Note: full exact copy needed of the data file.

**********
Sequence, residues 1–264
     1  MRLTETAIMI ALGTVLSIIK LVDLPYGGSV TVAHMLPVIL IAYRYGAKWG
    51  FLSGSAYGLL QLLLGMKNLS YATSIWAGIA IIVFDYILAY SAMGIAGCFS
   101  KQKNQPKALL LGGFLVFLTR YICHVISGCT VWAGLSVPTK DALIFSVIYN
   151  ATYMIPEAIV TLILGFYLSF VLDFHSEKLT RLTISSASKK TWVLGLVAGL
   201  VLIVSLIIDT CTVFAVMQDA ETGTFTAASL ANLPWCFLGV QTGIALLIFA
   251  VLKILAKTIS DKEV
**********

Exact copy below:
Sequence, residues 1–264
     1  MRLTETAIMI ALGTVLSIIK LVDLPYGGSV TVAHMLPVIL IAYRYGAKWG
    51  FLSGSAYGLL QLLLGMKNLS YATSIWAGIA IIVFDYILAY SAMGIAGCFS
   101  KQKNQPKALL LGGFLVFLTR YICHVISGCT VWAGLSVPTK DALIFSVIYN
   151  ATYMIPEAIV TLILGFYLSF VLDFHSEKLT RLTISSASKK TWVLGLVAGL
   201  VLIVSLIIDT CTVFAVMQDA ETGTFTAASL ANLPWCFLGV QTGIALLIFA
   251  VLKILAKTIS DKEV